It is now a big global problem, the entire world is struggling against the ever expanding love of burgers and pizzas among children as opposed to traditional foods.
Eating patterns are undergoing a sea change. And the older experienced generations are worried about this fast food generation growing up.
The same fear has prompted a British heart charity to launch a poster campaign to shock children away from eating cheeseburgers, chicken nuggets and hot dogs.
The British Heart Foundation (BHF) has hired billboards around Britain to show burger and hot dog buns filled with gristle, bones and connective tissue.
The gory images are obscured by a "censored" stamp, but can be peeled back to reveal the true ingredients on the charity's website.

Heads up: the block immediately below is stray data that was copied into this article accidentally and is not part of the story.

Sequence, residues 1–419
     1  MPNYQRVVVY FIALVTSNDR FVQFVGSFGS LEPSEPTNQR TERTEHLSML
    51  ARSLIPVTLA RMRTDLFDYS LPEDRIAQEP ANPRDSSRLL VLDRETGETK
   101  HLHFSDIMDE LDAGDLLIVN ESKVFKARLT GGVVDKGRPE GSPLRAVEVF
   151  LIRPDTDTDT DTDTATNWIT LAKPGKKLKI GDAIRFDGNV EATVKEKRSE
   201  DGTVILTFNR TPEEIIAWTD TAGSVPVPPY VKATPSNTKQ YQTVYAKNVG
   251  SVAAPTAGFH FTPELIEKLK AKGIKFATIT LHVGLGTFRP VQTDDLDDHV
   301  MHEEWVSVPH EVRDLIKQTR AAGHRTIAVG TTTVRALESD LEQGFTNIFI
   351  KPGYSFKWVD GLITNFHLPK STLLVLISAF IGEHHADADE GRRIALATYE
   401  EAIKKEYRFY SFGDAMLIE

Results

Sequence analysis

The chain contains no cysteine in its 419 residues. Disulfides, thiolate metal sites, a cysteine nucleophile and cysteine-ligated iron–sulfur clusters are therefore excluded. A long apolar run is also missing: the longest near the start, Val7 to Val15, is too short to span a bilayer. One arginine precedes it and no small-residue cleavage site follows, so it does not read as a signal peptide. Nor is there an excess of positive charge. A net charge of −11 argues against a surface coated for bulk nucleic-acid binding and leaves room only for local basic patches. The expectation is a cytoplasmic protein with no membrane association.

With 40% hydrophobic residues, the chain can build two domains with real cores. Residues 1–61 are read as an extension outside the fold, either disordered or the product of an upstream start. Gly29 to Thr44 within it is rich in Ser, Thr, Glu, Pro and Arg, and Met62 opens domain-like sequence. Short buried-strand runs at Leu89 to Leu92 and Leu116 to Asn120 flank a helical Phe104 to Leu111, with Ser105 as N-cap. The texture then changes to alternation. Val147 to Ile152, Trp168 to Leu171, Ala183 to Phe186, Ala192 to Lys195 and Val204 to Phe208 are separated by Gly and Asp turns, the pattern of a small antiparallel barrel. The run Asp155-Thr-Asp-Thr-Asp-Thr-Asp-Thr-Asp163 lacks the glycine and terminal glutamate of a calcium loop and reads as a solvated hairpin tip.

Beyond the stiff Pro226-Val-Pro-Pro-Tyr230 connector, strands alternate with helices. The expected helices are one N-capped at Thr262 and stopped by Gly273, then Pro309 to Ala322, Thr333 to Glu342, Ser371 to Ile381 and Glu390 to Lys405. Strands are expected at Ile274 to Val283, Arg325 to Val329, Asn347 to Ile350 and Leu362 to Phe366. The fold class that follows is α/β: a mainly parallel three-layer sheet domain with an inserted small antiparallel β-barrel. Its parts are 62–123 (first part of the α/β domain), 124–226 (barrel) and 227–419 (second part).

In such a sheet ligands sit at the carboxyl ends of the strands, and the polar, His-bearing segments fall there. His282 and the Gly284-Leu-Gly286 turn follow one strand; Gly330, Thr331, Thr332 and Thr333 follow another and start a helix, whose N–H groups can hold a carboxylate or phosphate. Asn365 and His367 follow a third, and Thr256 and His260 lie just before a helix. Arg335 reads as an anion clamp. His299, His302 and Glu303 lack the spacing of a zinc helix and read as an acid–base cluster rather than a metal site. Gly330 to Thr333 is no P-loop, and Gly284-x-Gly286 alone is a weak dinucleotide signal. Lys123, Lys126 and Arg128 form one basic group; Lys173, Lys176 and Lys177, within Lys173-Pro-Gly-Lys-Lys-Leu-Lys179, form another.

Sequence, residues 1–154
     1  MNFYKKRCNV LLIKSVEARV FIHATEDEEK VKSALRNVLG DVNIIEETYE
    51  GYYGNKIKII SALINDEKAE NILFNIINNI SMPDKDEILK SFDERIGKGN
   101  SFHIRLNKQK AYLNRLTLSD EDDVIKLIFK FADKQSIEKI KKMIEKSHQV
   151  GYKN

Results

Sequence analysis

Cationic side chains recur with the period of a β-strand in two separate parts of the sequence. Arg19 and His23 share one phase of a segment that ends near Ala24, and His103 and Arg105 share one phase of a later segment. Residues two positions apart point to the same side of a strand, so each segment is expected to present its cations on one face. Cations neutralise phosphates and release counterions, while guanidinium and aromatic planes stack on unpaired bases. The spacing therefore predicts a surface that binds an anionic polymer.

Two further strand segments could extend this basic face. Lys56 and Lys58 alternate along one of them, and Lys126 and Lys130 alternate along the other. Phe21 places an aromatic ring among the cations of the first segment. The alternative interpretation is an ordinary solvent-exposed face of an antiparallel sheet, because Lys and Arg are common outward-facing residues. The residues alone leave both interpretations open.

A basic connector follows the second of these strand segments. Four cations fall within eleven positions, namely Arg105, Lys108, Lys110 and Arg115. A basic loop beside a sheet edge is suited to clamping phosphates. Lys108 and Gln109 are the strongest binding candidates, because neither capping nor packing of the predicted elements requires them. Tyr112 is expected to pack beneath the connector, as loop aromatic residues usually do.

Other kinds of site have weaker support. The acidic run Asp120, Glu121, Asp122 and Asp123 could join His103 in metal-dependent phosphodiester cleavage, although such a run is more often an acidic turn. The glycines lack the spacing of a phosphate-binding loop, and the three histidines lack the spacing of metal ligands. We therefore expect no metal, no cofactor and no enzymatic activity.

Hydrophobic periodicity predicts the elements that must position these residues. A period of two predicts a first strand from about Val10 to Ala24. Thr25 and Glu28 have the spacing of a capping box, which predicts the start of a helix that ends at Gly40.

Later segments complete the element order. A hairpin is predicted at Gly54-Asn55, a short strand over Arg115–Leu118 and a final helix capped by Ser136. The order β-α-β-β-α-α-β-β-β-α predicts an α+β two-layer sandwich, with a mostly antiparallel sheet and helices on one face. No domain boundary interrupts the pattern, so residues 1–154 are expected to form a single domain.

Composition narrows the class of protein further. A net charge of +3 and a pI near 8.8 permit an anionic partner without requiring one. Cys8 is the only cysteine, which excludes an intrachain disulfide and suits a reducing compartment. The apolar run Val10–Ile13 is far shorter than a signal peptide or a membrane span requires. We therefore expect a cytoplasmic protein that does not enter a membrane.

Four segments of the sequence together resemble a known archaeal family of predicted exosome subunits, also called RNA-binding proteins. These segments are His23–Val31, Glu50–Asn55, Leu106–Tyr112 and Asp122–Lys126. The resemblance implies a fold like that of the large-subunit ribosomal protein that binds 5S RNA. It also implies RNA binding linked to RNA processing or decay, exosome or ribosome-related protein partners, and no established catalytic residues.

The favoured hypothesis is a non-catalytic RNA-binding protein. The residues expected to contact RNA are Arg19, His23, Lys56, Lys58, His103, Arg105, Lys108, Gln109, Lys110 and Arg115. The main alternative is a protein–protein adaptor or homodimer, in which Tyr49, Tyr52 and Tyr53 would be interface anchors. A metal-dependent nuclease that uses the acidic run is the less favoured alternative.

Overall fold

"Kids have lost touch with even the most basic foods and no longer understand what they are eating," said BHF Director General Peter Hollins.
The charity surveyed one thousand children and found that one in three didn't know that chips were made from potatoes.
Nearly one in ten thought chips were made mostly from oil, while others suggested eggs, flour and even apples.
The quality of food eaten by children remains a hot political topic after a high-profile campaign by television chef Jamie Oliver.
Education Secretary Ruth Kelly has pledged Ł220-million (about R2,6-billion) to help schools prepare better meals.